As part of a new project, I took a walk to Headington, going via the house where I grew up. I haven’t walked around that area for many years and was quite surprised at how run down it appeared to be, particularly my old house. Of course places change – it’s only natural, but many houses and gardens in what was once a very well maintained street looked – for want of a better word – shabby. Like a lot of places nowadays, the front gardens have been abandoned, either to cars or, through apathy, to the weeds. Walls and fences have been torn down. They’ve collapsed or been removed. There’s a profusion of signs too – a common complaint for many – which litter the streets; a far cry from the 1970s and 80s.
I was also aware as I walked of the huge increase in traffic in the area, at least since I’d lived there, particularly towards Old Headington which, I assume has something to do with the ever expanding John Radcliffe Hospital.
It was on my way to Old Headington that I became aware of two different qualities of memory – not specific ones as such, but those accumulated memories which help us know where we are. I’ve walked thousands of times up and down the streets where I lived (to and from school; to and from the shops), but on the road towards Old Headington my memories are much more of being driven, usually on my way to my Nan’s in the back of Dad’s car. Walking the street today, I noticed things that I’d never seen before whereas walking down the street on which I lived everything was much more familiar (even though they’d changed). This difference is due to the way memories of these places were formed. Of the street on which I lived they were formed, in the main, through walking. On the road to Old Headington, they were formed, again in the main, through a window in the back of the car.
As we walk, we accumulate a sense of place through the memories which are stored in the mind. These images are stronger and clearer when taken in through walking, and indeed when recalled through walking. The slower the pace (although not to the point of a standstill) the more we absorb of the world and thereby the better our sense of place.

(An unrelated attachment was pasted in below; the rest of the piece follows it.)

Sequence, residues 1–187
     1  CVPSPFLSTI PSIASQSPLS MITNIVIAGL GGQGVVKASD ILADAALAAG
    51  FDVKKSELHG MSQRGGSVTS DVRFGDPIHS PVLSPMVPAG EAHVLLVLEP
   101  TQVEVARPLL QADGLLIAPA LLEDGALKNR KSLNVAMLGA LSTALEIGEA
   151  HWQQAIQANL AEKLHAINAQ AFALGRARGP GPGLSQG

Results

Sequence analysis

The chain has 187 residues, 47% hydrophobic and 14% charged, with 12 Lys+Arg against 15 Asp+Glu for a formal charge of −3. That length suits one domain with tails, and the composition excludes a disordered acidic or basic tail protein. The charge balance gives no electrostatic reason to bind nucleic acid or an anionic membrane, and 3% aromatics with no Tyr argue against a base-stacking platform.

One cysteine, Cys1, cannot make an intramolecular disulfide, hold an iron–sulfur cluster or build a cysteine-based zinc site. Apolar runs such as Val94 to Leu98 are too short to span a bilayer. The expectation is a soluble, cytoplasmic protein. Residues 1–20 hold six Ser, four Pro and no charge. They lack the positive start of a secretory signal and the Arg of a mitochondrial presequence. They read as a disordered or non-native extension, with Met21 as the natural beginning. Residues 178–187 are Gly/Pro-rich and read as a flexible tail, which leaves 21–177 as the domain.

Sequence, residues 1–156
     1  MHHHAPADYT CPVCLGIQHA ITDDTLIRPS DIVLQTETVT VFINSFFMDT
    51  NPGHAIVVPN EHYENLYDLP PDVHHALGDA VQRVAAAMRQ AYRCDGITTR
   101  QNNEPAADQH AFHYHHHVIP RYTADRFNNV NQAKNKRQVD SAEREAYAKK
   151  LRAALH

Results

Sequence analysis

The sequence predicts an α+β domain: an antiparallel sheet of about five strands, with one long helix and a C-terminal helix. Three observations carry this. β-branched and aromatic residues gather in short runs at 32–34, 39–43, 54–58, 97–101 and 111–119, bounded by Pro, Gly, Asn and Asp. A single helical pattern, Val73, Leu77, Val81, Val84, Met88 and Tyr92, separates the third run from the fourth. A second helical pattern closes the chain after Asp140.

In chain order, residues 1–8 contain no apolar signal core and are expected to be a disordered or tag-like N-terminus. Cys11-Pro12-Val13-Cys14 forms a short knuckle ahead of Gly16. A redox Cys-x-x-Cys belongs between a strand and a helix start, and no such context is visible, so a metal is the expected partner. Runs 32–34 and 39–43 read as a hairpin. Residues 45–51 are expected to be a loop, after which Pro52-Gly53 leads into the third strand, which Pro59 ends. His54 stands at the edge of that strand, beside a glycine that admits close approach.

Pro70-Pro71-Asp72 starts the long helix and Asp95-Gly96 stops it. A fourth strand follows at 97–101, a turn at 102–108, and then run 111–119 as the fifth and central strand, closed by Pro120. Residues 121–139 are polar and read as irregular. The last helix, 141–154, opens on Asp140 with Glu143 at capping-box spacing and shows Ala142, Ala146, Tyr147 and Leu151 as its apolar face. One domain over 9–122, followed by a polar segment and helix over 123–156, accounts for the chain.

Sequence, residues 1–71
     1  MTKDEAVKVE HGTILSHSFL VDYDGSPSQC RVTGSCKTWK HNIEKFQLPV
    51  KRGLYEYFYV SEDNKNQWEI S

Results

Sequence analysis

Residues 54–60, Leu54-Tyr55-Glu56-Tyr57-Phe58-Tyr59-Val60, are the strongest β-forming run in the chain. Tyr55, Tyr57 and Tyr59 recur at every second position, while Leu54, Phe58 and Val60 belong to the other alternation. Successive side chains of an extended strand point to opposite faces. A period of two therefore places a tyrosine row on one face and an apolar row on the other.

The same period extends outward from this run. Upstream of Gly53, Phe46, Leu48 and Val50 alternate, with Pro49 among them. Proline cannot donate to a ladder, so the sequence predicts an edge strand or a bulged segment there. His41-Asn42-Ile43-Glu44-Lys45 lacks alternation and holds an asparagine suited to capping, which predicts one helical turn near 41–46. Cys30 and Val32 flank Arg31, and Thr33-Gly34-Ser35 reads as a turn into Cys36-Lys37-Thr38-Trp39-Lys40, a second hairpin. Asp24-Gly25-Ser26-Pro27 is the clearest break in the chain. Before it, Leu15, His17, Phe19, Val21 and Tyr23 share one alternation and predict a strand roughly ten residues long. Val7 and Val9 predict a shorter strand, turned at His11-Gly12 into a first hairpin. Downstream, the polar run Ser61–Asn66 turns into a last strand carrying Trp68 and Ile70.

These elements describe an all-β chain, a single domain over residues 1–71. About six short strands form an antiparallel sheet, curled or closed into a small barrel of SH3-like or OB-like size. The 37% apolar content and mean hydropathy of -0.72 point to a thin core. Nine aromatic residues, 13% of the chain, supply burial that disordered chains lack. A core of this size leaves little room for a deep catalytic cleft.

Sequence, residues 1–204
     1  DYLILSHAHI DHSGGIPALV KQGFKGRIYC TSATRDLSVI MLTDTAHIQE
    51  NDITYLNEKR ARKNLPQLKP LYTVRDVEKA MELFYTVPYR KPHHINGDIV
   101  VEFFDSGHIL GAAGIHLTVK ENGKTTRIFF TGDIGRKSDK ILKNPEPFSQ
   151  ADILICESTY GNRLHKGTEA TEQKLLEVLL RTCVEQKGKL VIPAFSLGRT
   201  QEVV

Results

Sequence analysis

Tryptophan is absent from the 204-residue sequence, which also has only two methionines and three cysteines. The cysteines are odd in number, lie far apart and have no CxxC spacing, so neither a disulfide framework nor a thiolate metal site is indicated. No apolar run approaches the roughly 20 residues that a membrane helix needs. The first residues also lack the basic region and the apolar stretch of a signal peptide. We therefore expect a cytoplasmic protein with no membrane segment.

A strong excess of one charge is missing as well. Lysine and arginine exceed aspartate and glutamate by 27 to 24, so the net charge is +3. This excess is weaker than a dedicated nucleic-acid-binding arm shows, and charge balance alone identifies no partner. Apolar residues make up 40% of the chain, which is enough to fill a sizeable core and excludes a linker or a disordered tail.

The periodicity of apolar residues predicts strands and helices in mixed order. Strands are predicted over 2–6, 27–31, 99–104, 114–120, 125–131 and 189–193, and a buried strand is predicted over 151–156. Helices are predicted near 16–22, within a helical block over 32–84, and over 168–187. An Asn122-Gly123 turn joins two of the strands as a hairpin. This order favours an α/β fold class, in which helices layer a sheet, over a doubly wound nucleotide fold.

The world today, or rather our interaction with and indeed within it is very ‘nodal’. We travel from A to B, usually (but not always) as quickly as we can. The bit in between A and B is taken up, in the case of the car, with looking at the road ahead of us. I should point out that I am in no way anti-car, anti-train or anti-plane; I rely on them as anyone does; my point is that we rely on them far too much at the expense of our engagement with the world around us.
When we walk from A to B however, we don’t ‘get’ just A and B but everything in between. The act of walking ‘anchors’ our destination and the place from which we travel, positioning them in the world. We have time to think, to see and to accumulate a sense of place. We have time to engage with the world and thereby position ourselves within it.
Whilst studying the Old London Road for another project, I began to get an understanding of how slowing our life down helps us to engage with the world around us. I also became aware of how roads today are much different to those in the past. Journeys were slower and roads were very much more a connection between two places. This may sound like a truism, but what I mean is that today, one could travel for mile after mile on roads without actually getting anywhere at all. Destination is not something built into the fabric of the road – something which I felt was very much the case on the Old London Road. Again I should point out that I am not in favour (were it possible) of a return to bumpy, uncomfortable, 16 hour journeys to London.
When the pace of life was slower, when people walked more than they did, I wonder whether their sense of place in the world was different (physical as opposed to social). Again I don’t want to sound as if I’m being naively romantic about the past – it was often grim and difficult to say the very least, but I do think it must have been the case that the world was perceived very differently, not because of the lack of technologies such as the camera, the internet, film or television per se, but because of the pace. Technology of course is a contributing factor to the increased pace of life (and not just through transport). Increasingly we use our mobile phones or email to contact one another (and a great thing both of them are too). But again, this form of contact reduces the world to nodes, to A and B. In the days before such technologies (even when phones were abundant – this applies to a time not so long ago) if we wanted to speak with someone, we would go to meet them, or write them a letter. Either way, our words were physical; they had a place in the world; it wasn’t just about A to B but, as with walking, A through to B.
I think what I’ve gleaned through my ramblings – both physical and verbal – is that we are missing the bits in between. Everything is being reduced to A, B and C. Where there are bit in between, they are little more than a hinterland, glimpses of which we snatch as we travel along roads, motorways, train tracks or even through the air. This brings me back to the houses of which I spoke earlier. They have the appearance, even to the walker, of something that is seen in transit, at speed. Even if one looks for a period of time at one of the houses I saw today (again by no means all of them) it’s as if one is looking through the window of a passing car.